Jump to content

Mark Evans

  • Content Count

  • Joined

  • Last visited

About Mark Evans

  • Rank
    Heavyweight Boxer
  • Birthday 03/13/1954

Profile Information

  • Gender
  • Location
    Milford, MA.

Recent Profile Visitors

1111 profile views
  1. Rest in peace Leo. I truly enjoyed your postings.

  2. Hello Steve,

    I used to go to the Stone's session often. Very high level of playing and friendly. If you're bringing your singing voice, they will be very happy indeed.

    English concertina is welcome and as the evening goes a bit, they are more than willing to stray off the beaten path to embrace anything you might want to play.

    Leader of the session is ...

  3. I just think it's important that folks who otherwise might go unsung, should be. And yes, they are mostly very complementary, even when the should just tell the ole White Rabbit the truth.
  4. Rod, you do have your own definition, and I'd love to hear it fleshed out. My lack of religion outside of music, causes me to turn time and time again to religious terminology to discribe what I need from the act of music making. A tunesmith for me is a Shawman (sp for sure), a clarvoiant who sees past what is easily preceivable.
  5. Ah, the website...I've not done anything with it in months. We are recording and some of them will appear before too long.
  6. For the last year in a quasi-casual fashion and within the last few months like a maddened beaver I have been consuming new tunes by two fellers at our local session: Greg Bacon and Brian Hebert. I wouldn't insult them by afixing the term "composer" for they seem to see what they do in a much simpler light. Tunesmith seems right to me. Both have turned out beautiful tunes that are within traditional veins. Greg tends towards an historical and nautical bent while Brian's tunes take on whimiscal names. Both are grounded in the finest Celtic tradition. It just blows my mind that these la
  7. ... and what does that have to do with phrasing? Let's clarify three things here: 1. Automatic fingering based on bellows change and so forth does influence the style. 2. I agree that it has little to do with artistic interpretation per se, however, in-out of the bellows is one of the most powerful phrasing instrument we have. It includes two variables: a. In-out itself, no need to blabber about it and b. Necessity of in-out influences dynamics of even phrases fingered in one direction. Our brain gets ready for bellows change and either we may slow down, or do a powerful punch right b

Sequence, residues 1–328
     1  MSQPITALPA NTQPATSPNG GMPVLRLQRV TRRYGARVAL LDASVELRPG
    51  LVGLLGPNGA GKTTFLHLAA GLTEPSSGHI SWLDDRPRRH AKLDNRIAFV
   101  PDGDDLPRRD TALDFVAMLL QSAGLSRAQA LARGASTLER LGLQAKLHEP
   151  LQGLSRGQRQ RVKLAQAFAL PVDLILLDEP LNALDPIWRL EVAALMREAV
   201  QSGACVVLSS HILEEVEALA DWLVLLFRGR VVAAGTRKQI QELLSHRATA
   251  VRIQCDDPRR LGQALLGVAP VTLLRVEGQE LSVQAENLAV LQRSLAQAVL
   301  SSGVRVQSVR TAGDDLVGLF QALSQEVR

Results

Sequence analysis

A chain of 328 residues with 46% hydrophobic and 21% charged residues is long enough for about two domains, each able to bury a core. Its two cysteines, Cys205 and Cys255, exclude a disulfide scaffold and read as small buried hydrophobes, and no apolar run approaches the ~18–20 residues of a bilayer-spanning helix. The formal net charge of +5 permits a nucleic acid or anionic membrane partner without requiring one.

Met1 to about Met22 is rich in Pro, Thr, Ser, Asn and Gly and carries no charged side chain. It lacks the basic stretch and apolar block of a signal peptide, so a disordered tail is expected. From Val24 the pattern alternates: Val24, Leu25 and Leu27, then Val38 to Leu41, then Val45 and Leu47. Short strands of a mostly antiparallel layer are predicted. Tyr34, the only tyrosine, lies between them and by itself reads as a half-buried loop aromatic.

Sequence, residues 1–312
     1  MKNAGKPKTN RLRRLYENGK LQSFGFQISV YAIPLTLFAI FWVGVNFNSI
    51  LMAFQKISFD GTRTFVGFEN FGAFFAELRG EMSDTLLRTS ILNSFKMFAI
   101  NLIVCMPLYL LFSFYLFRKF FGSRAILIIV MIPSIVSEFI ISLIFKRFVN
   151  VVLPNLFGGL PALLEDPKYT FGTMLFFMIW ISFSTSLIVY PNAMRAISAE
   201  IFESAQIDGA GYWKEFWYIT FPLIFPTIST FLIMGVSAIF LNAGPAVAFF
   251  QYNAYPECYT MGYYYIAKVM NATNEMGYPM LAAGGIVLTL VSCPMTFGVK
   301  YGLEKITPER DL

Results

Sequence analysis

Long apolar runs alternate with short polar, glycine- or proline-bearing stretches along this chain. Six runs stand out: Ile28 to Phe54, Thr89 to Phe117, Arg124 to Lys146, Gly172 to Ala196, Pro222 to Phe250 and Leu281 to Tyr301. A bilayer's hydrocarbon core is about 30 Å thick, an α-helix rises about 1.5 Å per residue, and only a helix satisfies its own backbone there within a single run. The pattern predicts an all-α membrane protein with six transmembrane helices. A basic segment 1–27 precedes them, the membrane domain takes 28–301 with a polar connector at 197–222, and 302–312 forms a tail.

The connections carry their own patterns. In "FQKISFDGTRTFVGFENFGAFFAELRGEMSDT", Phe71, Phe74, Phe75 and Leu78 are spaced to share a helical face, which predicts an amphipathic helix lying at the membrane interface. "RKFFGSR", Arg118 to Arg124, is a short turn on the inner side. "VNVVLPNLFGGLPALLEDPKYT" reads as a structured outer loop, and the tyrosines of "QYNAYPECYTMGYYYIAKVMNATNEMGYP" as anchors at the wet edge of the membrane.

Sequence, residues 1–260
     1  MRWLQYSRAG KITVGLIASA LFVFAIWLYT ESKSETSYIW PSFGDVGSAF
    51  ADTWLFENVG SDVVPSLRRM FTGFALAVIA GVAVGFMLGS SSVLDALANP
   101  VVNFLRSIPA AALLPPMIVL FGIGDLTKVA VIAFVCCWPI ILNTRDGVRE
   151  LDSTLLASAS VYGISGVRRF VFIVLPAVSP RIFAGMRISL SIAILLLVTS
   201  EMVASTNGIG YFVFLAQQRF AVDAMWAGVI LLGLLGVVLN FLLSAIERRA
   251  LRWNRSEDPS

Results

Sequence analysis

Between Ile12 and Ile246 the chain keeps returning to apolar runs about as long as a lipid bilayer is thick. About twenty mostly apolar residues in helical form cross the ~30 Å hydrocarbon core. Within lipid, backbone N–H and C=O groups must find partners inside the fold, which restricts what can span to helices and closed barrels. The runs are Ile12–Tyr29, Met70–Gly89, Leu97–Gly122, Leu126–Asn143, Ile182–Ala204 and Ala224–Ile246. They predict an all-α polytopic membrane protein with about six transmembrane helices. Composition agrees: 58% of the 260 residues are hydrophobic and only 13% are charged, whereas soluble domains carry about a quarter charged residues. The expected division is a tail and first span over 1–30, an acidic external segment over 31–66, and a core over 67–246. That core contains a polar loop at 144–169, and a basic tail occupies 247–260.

8. Larger, yes. Wider? No. The interest in Irish trad is huge, but quite narrow. Point taken Jim.
  9. Wicked, wicked lad ye are! The blood has barely dried on the deck from our last punch up. This one has potential. EC and AC are each played in numerous styles. Both have limitations and advantages. Some are more prevelent and preferred in one genre of music over another. Certainly the AC enjoys a wider popularity due mainly to the explosion of interest in Irish trad.
  10. I'm talking about folks like this, among others, all of whom I've played with, talked with, and danced to. They do not fit your description at all. Foghorn Stringband The Macrae Sisters The Tallboys Boney, Always knew you had excellent taste. These folks are a treasure. All true to their tradition and yet, and yet...wonderfull. Thank you. I'm deeply moved.
  11. Whether I like it is the issue....to me. I'm very used to this virtuosi thing you've got going, framing the topic to your standards, showing folks the road to salvation from their low tastes. There is something magnificent watching you jump upon the slathering, lumbering beast, slashing away with your saber, as the enraged creature howls, but that video....it was an assult and dumbassed ole me weathered the storm striving to see your point, because in the past there was some point grounded in musicallity wether or not I agreed. Damn near soiled my new linen trousers. I had a fat old Per
  • Create New...